dered Vernon Lemuel Dodd held
for trial in Wake Superior Court
on a charge of unlawful. burn
ing of personal property. The
judge increased the youth's bond
from $1,000 to $3,000.
: Meanwhile. City Court Solici
tor William W. Merriman said
he was preparing warrants
charging young Dodd in con
nection with seven other fires
on the State campus.
About 30 residents of B-Wing,
second floor Nurses Dorm staged
peaceful "lie - in" in their hall
Sunday night to protest against
what they called "restrictive,
women's rules imposed by this
According to a spokesman for
the wing, a rumor that "there
is going to be a protest in the
hall after hours tonight" ma
terialized at midnight when
mattresses were tossed on the
floor and the protestors settled
down for a night's sleep.
However, the protest was
moved to two of the women's
rooms about 1 a.m., when the
president of the dormitory in
formed them that they could not
sleep in the hall due to fire reg
ulations. A statement submitted to the
DTH yesterday said:
"We feel as young adults of
this fast changing world that op
portunities to assert ourselves
and mature into the kind of citi
zens that the world today is de
manding are limited by the re
strictive women's rules imposed
by this University.
"Our list of grievances in
cludes: "(1) Closing hours; (2) rules
prohibiting wearing slacks or
shorts on campus; (3) the Apart
ment Rule; (4) phones being
turned off at closing hour; (5)
signing out; (6) living in apart
ments being prohibited."
Wh it .1 m
- J3ure reet9, gzeer,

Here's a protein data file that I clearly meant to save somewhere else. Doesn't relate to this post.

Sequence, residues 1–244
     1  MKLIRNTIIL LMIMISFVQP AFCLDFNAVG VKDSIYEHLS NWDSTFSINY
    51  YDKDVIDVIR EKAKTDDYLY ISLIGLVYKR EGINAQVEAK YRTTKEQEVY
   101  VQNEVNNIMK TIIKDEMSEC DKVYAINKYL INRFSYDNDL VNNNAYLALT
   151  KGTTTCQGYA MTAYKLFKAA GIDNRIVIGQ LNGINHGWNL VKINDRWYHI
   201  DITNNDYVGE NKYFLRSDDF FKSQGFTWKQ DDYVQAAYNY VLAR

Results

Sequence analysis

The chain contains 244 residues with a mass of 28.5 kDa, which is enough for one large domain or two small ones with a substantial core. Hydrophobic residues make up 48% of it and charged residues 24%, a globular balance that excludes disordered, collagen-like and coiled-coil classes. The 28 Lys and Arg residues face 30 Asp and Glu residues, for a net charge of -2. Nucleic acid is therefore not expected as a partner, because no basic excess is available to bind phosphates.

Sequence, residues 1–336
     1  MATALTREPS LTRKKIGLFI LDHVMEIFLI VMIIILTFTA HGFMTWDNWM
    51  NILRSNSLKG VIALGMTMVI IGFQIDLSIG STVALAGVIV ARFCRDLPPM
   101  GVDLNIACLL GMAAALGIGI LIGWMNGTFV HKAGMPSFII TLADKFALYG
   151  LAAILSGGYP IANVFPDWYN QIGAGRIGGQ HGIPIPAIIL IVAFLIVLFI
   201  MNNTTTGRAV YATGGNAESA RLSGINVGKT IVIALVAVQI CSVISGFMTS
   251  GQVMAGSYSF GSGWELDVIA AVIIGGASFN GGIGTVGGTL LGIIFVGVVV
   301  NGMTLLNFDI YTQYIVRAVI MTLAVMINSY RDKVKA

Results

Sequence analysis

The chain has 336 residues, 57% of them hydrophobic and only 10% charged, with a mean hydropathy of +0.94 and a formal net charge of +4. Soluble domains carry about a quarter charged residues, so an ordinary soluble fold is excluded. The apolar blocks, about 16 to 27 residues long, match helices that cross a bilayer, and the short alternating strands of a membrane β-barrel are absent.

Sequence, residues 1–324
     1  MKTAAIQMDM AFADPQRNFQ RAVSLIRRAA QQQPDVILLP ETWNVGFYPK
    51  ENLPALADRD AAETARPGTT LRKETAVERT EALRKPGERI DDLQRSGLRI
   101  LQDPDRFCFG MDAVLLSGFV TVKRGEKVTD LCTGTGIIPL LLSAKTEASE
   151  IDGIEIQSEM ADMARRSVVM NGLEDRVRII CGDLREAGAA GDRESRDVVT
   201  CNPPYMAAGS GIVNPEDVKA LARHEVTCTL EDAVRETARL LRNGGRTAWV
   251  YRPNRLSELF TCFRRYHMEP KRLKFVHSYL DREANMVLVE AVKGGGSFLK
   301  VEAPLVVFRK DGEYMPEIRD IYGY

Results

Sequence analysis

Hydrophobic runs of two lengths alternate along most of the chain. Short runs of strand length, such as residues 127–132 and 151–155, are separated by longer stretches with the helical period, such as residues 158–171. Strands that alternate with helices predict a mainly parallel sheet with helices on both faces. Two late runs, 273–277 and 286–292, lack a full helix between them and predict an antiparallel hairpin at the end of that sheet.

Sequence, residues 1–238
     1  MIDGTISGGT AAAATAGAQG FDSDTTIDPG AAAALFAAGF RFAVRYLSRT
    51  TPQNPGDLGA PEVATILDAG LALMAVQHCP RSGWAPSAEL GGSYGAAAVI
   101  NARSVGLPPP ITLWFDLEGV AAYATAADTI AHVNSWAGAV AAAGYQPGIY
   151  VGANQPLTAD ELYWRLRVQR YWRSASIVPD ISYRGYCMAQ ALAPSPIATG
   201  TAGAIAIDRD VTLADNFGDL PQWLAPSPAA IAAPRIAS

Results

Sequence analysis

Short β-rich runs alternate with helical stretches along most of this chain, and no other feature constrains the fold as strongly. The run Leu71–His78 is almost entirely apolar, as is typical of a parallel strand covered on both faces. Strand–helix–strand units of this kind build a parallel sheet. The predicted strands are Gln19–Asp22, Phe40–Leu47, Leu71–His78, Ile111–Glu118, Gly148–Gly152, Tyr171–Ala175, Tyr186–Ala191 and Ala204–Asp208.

Senior Days, when prospective June graduates will
be allowed to do legally what tliey have been doing for
four years anyway, are set for Wednesday and Thurs
- day. Free class cuts, combo parties, beer, barefoot day,
more beer, late permission for senior coeds, "Parting
'Shots" by five prominent seniors, still more beer, and
the election of permanent class officers will all be part
of the 4 - hour frolic.
Roxanne Kalb, .class social
chairman, announced yesterday
that free class cuts for Wednes
day have been sanctioned by
the administration, provided the
student's individual professor ap
proves. Seniors should obtain permis
. sion. to be . absent if they are in
doubt concerning a particular
. Other Fun Set
The rest of the fun, however,
requires nobody's permission
just attendance by all seniors.
"Just to get things started,"
according to Miss Kalb, the
"Fabulous Five" will play and
free beer will flow from 1 until
4:15 Wednesday at the Ameri
can Legion Hut on the Raleigh
The general class convocation,
including the election of officers
and the annual "Parting Shots"
addresses, will be held in Ger
rard Hall at 7:30.